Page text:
The Effects of Dietary Nitrate Supplementation on Contractile Function and Mitochondrial Bioenergetics in the Heart

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Monaco, Cynthia
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University of Guelph

Sodium nitrate (NaNO3) supplementation has been shown to protect against the development of hypertension-mediated heart failure, reverse age-related diastolic dysfunction and improve in vitro cardiac contractility. While the mechanism(s) remain unclear, in skeletal muscle, the consumption of nitrate has been shown to increase mitochondrial coupling efficiency. Intriguingly, impairments in mitochondrial bioenergetics have been associated with heart failure, and therefore, the present thesis aimed to determine the influence of NaNO3 on mitochondrial bioenergetics in the left ventricle. To achieve this, Sprague-Dawley rats were provided water with/without 1g/L of NaNO3 for 7 days and various indices of cardiac function and mitochondrial bioenergetics determined. Specifically, the present data demonstrate that NaNO3 supplementation in healthy rats: 1) did not increase in vivo cardiac contractility, 2) did not improve mitochondrial O2 affinity or various indices of cardiac mitochondrial coupling efficiency and oxidative capacity, 3) reduced mitochondrial ADP sensitivity and 4) increased the propensity for mitochondrial reactive oxygen species emission. These data suggest that NaNO3 supplementation does not alter cardiac function in healthy hearts, but is associated with alterations in mitochondria that have been implicated in pathological events. The use of NaNO3 in preventative medicine therefore warrants further investigation in clinical populations.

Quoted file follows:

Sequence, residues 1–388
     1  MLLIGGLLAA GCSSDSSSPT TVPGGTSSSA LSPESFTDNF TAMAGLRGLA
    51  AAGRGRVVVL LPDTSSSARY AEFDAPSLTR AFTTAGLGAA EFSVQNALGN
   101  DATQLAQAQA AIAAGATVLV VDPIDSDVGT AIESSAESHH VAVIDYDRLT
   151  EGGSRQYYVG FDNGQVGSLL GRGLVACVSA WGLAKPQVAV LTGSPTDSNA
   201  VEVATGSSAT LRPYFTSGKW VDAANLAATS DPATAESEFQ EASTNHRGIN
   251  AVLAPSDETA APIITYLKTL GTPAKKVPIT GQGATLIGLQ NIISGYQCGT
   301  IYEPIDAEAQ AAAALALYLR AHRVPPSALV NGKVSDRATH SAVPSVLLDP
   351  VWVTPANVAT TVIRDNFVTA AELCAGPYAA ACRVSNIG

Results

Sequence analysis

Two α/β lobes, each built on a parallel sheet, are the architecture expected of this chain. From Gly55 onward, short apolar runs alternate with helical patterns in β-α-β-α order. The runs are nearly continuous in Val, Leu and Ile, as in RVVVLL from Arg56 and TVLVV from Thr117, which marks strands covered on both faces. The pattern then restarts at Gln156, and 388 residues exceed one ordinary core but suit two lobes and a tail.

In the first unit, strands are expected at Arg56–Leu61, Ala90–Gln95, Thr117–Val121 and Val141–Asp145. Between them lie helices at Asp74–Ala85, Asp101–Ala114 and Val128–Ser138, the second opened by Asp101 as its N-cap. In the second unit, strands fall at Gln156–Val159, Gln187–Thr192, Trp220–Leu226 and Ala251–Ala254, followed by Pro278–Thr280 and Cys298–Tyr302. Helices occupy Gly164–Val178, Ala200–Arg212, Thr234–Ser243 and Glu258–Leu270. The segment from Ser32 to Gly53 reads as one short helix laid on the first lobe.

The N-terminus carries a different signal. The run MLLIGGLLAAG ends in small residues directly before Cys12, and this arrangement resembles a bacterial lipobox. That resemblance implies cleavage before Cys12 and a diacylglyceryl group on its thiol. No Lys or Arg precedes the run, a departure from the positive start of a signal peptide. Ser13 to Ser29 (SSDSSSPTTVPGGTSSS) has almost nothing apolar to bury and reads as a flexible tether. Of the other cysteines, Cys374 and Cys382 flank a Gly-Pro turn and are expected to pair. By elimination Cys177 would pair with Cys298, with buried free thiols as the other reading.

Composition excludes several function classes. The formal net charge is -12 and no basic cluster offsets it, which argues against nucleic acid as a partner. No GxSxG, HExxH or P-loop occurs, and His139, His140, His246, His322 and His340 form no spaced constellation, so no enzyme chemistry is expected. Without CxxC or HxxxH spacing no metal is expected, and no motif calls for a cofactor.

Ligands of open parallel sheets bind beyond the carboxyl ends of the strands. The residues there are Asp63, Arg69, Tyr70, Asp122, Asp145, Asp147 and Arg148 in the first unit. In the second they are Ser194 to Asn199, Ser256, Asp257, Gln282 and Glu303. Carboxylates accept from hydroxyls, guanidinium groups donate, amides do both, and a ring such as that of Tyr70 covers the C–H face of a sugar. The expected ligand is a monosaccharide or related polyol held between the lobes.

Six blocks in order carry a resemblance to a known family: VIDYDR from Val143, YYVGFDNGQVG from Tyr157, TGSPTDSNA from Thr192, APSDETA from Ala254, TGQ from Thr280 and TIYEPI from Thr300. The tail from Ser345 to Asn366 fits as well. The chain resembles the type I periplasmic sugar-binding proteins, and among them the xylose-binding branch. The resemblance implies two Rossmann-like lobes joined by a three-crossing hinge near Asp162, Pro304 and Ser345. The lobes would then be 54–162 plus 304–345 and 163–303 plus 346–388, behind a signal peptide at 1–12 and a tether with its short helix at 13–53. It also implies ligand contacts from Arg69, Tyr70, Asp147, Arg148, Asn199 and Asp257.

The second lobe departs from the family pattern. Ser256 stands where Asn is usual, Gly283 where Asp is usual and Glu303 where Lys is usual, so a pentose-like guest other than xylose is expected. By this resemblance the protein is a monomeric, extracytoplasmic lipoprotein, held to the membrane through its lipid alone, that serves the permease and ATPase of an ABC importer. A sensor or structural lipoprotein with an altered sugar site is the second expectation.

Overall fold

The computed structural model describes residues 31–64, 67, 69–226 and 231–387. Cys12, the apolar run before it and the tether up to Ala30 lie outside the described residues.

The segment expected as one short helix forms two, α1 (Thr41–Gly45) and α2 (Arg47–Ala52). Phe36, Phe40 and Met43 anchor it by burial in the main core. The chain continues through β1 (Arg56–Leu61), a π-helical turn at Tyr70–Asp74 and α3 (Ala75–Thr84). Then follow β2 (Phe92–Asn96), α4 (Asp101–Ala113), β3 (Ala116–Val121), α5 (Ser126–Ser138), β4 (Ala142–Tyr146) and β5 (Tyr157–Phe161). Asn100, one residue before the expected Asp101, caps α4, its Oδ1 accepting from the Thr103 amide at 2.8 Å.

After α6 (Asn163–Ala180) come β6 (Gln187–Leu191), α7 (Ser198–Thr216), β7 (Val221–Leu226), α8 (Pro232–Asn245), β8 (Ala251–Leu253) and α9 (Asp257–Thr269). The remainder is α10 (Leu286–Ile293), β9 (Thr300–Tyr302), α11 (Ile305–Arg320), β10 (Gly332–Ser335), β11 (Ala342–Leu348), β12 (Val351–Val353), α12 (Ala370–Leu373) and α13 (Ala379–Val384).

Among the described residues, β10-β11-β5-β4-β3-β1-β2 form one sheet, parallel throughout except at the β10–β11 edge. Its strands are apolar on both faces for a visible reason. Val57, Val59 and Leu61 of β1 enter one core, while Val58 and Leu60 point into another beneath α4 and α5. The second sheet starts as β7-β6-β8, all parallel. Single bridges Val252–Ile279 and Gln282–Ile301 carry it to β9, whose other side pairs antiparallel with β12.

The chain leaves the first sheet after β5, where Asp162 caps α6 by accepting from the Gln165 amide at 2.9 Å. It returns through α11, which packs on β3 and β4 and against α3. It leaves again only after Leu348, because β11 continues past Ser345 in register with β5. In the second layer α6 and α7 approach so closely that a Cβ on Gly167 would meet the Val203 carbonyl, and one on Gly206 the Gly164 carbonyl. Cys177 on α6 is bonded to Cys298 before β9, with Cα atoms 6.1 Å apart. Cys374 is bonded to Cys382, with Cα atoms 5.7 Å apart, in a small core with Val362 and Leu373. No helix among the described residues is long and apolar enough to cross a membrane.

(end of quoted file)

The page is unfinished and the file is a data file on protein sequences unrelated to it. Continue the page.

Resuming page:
nitrate, mitochondria, heart, contractility